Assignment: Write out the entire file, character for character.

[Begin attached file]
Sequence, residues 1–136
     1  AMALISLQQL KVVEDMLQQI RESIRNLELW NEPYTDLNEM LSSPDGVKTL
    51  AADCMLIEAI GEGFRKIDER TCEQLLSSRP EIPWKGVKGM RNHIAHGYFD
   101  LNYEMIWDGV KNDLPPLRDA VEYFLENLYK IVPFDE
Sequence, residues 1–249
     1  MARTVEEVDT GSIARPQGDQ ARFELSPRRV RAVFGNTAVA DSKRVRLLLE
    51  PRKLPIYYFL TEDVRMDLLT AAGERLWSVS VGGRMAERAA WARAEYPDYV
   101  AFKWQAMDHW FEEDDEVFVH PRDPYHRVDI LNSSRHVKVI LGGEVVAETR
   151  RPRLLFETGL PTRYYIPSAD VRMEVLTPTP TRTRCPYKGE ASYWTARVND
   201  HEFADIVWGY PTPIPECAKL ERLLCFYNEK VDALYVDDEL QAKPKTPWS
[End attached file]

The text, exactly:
Sequence, residues 1–136
     1  AMALISLQQL KVVEDMLQQI RESIRNLELW NEPYTDLNEM LSSPDGVKTL
    51  AADCMLIEAI GEGFRKIDER TCEQLLSSRP EIPWKGVKGM RNHIAHGYFD
   101  LNYEMIWDGV KNDLPPLRDA VEYFLENLYK IVPFDE
Sequence, residues 1–249
     1  MARTVEEVDT GSIARPQGDQ ARFELSPRRV RAVFGNTAVA DSKRVRLLLE
    51  PRKLPIYYFL TEDVRMDLLT AAGERLWSVS VGGRMAERAA WARAEYPDYV
   101  AFKWQAMDHW FEEDDEVFVH PRDPYHRVDI LNSSRHVKVI LGGEVVAETR
   151  RPRLLFETGL PTRYYIPSAD VRMEVLTPTP TRTRCPYKGE ASYWTARVND
   201  HEFADIVWGY PTPIPECAKL ERLLCFYNEK VDALYVDDEL QAKPKTPWS